Folding Shirts by Iambics

There are times I wonder how I became so domesticated. Take this moment: waiting for the dryer to finish its cycle so laundry will be folded before tomorrow morning. At least with Brendan asleep upstairs I can have a few moments alone. Time to close out the day within the silence of the house. Try to center latest projects on their goals—
The unnamed ghazal is almost finished. It lies in front of me without a title. Seeking a strong identification. So, I play with impressions, vague references to John Keats “Ode on a Grecian Urn”— but in this case “Ghazal on Shards of Clay”— (No. No. No.)

Ghazal on Found Fragments
Ghazal on an Aegean Vase
Ghazal on Fragments of an Aegean Vase
Ghazal on Shards of an Aegean Vase
In this case, because the poem is only thirteen lines (six couplets and one lingering line) a long title seems appropriate—
The effects of another cold might be coming on— My mouth feels abnormally dry, a mild desert unfolding under the tongue. Sucking on a cough drop helps slightly.
Again, reread Keats ode—wanting to quote some small phrase or broken line— “Heard melodies are sweet, but those unheard / Are sweeter” (ll. 11-12). —but his theme follows a different intention. His ode motions towards issues of immortality, endurance of art, and throws in a paradox of artistic dependency on the living— with ancient figures frozen in place, eternally unmoving in time or physical space. On the other hand, mine uses a persona seeking closure by looking over shards of pottery which displays one god, scarred by time, yet maintaining a sense of distance and indifference due to his immobile status.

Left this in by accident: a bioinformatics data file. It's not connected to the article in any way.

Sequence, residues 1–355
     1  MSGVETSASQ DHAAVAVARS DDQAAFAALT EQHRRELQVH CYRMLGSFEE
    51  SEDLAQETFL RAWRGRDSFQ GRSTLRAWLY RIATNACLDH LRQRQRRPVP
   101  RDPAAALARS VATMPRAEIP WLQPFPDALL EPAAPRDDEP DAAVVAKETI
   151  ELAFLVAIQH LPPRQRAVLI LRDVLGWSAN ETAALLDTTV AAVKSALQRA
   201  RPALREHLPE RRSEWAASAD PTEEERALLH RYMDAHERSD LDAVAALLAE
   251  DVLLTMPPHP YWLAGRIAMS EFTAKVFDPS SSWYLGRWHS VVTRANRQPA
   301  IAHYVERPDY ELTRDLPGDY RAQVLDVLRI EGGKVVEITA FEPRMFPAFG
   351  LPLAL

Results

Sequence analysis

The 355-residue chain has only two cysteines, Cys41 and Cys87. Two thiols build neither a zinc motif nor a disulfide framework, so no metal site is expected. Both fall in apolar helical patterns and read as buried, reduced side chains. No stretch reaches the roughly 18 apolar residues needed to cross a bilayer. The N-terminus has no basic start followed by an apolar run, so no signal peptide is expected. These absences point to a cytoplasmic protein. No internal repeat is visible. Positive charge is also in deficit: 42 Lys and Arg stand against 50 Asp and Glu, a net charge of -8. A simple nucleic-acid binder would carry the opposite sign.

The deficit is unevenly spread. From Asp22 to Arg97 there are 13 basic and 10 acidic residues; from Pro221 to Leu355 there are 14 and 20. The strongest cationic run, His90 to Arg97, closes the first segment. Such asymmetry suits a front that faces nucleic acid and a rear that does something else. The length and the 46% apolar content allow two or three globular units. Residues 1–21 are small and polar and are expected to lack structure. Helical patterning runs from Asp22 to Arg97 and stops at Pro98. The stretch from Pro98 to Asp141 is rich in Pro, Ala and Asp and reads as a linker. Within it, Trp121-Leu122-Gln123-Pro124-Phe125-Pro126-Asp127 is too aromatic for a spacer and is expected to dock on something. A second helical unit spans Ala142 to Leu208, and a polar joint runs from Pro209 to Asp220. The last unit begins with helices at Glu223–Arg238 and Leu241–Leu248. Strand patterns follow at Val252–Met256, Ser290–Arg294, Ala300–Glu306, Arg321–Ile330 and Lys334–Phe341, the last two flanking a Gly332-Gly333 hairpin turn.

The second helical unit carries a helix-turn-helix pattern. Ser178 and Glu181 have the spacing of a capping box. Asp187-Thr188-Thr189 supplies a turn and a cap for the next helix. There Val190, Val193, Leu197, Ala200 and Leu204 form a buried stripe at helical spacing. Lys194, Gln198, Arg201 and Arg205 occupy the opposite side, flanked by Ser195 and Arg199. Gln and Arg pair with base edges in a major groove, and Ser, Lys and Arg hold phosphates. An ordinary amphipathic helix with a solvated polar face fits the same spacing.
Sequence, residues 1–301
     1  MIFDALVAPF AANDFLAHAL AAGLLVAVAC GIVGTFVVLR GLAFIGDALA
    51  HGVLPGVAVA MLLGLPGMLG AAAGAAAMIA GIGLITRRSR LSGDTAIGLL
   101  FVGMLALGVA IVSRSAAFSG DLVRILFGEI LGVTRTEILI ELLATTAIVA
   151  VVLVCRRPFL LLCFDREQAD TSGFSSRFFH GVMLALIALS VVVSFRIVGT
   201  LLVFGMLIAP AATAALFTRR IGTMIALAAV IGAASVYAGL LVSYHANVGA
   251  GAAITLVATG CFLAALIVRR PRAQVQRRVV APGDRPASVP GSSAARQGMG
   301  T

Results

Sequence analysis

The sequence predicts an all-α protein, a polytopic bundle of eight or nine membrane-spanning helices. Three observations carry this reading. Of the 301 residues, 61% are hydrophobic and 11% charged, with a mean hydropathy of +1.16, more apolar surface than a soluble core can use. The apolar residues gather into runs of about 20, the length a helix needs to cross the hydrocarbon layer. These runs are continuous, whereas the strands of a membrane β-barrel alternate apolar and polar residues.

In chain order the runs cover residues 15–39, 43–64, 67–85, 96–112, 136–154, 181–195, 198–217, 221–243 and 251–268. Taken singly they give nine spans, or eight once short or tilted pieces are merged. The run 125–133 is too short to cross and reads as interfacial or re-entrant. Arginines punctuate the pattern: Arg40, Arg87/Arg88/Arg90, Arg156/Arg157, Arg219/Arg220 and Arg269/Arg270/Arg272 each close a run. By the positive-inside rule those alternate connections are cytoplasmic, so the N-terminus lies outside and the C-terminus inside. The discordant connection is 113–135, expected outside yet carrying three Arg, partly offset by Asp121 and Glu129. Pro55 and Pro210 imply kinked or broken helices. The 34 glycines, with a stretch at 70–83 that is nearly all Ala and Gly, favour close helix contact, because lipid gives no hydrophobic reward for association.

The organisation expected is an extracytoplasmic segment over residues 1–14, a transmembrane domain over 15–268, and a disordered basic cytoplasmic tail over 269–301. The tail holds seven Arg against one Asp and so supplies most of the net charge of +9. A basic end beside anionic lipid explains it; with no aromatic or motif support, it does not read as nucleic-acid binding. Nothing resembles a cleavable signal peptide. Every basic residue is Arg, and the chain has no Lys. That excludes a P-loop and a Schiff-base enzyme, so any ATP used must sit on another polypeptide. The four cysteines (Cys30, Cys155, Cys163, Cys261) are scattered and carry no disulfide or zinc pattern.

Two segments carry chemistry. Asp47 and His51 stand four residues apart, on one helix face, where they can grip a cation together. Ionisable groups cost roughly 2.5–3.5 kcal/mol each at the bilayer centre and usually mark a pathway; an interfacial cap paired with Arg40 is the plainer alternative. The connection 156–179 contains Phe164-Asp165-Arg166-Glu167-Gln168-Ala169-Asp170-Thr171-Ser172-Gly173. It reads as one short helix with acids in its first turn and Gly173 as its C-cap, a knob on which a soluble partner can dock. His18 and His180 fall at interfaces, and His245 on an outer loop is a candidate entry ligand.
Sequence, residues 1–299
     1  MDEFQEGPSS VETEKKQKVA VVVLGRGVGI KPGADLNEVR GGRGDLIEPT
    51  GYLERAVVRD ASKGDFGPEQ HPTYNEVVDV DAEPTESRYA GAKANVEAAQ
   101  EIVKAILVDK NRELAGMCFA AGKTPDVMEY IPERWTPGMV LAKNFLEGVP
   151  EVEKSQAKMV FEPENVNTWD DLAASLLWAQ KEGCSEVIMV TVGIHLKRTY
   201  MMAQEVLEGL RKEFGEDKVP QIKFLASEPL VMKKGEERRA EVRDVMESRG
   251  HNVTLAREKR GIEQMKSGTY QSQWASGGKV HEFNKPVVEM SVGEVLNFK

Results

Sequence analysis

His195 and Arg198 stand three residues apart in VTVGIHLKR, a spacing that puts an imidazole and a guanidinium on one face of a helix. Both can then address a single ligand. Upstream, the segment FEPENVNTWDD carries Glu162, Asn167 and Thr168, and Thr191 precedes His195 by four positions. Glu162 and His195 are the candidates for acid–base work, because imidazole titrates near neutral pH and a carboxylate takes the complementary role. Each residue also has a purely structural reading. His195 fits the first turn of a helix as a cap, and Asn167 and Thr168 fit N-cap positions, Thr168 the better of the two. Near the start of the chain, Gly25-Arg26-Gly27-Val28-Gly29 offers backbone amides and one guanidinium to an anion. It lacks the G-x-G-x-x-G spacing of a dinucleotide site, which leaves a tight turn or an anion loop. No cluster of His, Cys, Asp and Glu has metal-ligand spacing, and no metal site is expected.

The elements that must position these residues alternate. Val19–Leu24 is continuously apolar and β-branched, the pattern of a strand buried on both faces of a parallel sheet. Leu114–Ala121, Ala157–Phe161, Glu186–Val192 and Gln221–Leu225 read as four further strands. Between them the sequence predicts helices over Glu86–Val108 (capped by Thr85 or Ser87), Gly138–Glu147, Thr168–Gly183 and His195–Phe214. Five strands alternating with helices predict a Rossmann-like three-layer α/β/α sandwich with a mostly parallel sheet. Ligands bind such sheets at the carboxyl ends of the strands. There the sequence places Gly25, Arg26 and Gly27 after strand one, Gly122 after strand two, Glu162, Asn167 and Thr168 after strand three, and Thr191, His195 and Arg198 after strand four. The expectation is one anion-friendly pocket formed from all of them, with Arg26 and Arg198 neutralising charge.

The speaker-persona seeking solace from an inanimate-image.
Reconsidering domestic chores. Trying to use the patterns of folding clothes to break down my blocked thought process. A sense of chaos falls into order: two sleeves thrown inward, bottom hem pulled up. Amorphous shape becomes a rectangle. With iambics. Ghazal/written/on shards/of an/ Aege-/-an vase. Yes. "Ghazal Written on Shards of an Aegean Vase."
—and so it lies. With this declaration as the title, the basic purpose of the piece is twisted into the slightly abstracted lines of the poem itself. An expectation is established for the reader. Perhaps now I can call the project closed.


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